Saturday, December 1, 2012

D52 - Week 48 - Bolt

Kevin (Molt*)

Plagiarism is a touchy subject. Sometimes you see two different peoples or companies create two different works within a certain time frame of each other and if there are enough similarities, it's easy to call "copycat." Remember when Dreamworks's Antz came out just a month before Pixar's A Bug's Life? Was one looking over at the other's desk instead of keeping their eyes on their own work? In most cases, unless it's completely obvious that one has the other's work in mind (like with "Kiara the Brave" and "Ratatoing" and those other shameless cheap CGI knock-offs), I'm willing to give the benefit of the doubt. It's likely enough that Pixar and Dreamworks, both working with not-yet-perfected computer technology, both independently decided to create a movie using insects, since they'd make reasonably comfortable digital models - not having fur or hair, and all.
But then there's self-plagiarism, which is interesting in another way. Sometimes it's intentional. Or do we think Nickelback actually believes their songs each sound completely different? It can also be unintentional, merely a result of lapse of memory. If you, for example, are a comic strip cartoonist, you might go through so many used and rejected ideas that you might end up reusing an idea for a gag without realizing until later that you had already drawn the same bit earlier on. You can only expect him to memorize so much of his own work.
What I'm building up to here, is...
How the heck did John Lasseter not realize he'd worked on this story before? Bolt is, in a nutshell, Buzz Lightyear. He incorrectly believes he is something that he isn't. A cynical forced road-trip buddy (who initially hates him but warms up to and becomes friends with him) directly tells him what he really is, but he's in denial until testing his powers to no avail. He goes through a period of self-doubt and sadness before ultimately accepting his "real self" and realizing that he doesn't need those powers to be important to his human. Also, Mittens is Jesse the Cowgirl: She tells her friend how much she resents humans because of the one that left her but later on finds a new human and figures, "Okay, yeah, I do like the comfort of a person."
The parallels seemed awfully obvious to me. And I'm not saying Mr. Lasseter isn't allowed to reuse a major theme or two, but you would think he...wouldn't, if he was aware of it. The audio commentary for Up mentions that Russell was renamed from Lewis because of the release of Meet the Robinsons. And then later on there was the Pixar film not-to-be, Newt, which was scrapped possibly because of similarities to other companies' Rio and Alpha & Omega. So should Bolt have been canceled altogether had someone spoken up and said, "You realize, John, this is a lot like Toy Story and Toy Story 2? Remember, those blockbuster movies you spent years working on just a few years ago?"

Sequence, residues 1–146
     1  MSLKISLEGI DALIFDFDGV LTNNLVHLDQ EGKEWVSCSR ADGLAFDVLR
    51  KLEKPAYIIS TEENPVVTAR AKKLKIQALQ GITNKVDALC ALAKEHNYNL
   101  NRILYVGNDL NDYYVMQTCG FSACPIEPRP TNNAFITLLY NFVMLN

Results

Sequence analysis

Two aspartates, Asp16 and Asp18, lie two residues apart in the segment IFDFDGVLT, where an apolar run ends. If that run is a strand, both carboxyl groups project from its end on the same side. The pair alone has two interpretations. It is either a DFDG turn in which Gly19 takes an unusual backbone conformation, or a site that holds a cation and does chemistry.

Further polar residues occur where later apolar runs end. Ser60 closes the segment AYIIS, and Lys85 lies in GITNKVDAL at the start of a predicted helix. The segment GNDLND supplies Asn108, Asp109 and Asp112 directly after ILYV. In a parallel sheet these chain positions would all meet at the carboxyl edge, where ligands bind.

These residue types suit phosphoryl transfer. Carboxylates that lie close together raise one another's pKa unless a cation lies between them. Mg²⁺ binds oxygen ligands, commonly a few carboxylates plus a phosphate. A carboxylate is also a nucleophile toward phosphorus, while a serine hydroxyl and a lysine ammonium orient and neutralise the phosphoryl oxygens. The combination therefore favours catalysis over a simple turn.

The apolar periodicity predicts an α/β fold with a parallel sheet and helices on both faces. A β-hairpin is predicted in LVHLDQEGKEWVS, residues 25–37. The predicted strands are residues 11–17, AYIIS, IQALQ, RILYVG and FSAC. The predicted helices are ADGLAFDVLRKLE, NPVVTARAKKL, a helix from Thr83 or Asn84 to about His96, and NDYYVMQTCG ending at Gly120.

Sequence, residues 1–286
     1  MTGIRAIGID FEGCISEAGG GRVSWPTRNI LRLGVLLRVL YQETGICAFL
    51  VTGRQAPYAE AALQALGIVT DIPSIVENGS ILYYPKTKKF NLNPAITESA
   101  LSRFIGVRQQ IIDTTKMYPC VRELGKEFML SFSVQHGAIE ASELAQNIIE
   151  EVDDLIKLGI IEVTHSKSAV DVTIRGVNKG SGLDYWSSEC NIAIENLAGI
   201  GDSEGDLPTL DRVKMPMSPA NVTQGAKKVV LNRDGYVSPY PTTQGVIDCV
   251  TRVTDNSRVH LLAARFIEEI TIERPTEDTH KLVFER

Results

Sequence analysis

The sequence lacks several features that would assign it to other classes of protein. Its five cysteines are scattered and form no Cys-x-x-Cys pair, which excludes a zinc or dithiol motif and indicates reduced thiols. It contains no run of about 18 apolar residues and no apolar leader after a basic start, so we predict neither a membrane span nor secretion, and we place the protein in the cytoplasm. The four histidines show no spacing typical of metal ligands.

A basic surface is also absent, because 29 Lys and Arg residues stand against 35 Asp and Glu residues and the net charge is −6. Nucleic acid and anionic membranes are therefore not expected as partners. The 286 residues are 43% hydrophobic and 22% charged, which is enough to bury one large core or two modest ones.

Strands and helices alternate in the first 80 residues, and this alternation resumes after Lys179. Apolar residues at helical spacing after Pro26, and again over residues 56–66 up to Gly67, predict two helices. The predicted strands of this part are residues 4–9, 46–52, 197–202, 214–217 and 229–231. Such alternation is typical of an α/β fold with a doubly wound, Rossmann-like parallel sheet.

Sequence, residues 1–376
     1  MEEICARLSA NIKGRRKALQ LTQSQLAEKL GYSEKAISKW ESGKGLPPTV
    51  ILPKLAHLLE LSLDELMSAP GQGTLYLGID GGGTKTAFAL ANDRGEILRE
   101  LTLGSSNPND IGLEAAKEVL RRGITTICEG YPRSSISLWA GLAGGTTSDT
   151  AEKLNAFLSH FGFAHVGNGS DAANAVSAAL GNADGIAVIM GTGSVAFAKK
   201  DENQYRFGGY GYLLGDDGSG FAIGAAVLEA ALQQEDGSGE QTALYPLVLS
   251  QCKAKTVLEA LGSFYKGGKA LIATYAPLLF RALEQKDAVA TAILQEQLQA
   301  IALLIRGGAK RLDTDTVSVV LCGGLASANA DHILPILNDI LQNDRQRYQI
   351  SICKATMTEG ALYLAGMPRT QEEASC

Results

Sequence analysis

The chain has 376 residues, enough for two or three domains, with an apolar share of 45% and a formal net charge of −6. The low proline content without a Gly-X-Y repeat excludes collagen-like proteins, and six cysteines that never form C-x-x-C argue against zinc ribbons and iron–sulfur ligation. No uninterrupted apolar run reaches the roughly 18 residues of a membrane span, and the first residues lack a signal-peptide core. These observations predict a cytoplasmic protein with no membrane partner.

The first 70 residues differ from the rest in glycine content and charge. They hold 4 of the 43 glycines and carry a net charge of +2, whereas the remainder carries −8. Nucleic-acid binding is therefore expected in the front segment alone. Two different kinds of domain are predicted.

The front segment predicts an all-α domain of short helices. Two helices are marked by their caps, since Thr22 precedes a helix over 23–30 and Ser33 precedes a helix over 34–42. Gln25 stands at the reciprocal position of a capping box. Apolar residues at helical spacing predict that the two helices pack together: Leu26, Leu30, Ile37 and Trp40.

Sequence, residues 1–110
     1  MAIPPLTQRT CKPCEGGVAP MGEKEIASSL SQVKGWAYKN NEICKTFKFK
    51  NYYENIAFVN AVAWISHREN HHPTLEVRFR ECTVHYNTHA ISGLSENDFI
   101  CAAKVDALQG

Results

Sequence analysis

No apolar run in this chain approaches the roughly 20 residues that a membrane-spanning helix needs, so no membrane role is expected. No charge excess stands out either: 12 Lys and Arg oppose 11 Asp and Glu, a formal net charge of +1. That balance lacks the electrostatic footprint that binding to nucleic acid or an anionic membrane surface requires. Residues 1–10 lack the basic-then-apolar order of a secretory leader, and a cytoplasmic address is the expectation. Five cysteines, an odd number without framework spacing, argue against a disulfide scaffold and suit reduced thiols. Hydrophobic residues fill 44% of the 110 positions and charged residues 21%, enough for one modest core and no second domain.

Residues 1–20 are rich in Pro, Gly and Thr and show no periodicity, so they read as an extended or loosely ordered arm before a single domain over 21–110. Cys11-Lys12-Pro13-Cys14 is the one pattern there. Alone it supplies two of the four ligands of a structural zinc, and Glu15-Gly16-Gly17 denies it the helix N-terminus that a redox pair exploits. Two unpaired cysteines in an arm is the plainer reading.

I don't know.
I do think that, on its own, in a hypothetical TS/TS2-free vacuum, it works well enough. At this point (after seeing Wreck-It Ralph) I can say I've seen every D52 movie, and I do think this is the point where the gradually starts a new upward pull in overall quality. It's not exactly a classic, and there's not much about it that I feel I want to see for repeated viewings, but it's easily more engaging and fun than Meet the Robinsons, Chicken Little, Home on the Range, and Brother Bear.
I am fond of the overall design and...aesthetic, if I'm using that word correctly? Bolt, the character, is cute but not too cute and still believable as a ruff-and-ready (I'm sorry. No I'm not.) action hero. The TV action scenes are campy yet would still be very watchable even if it was a real show (but man, imagine what its budget must be like!) and provide a fitting contrast to the "actual" dramatic scenes. While I didn't cry at the scene where Bolt feels betrayed, it does tug at me a little more than I'm comfortable admitting. Hey, there's some nice subtle animation work there.
I don't have anything substantial to say about the music other than that Miley Cyrus sure does sing for it. That brings me to the voice casting. Which I'm afraid is a low mark of the voice. Miley, John, and Susie are just so...uninteresting, as far as voices go. Sometimes celebrity voice casting works wonders (I could go back to mention the Toy Story films). Other times, you think...hnm, no, your voice should've been a professional voice actor instead of a well-known actor. Looking on the bright side, at least Nicolas Cage wasn't one of the voices.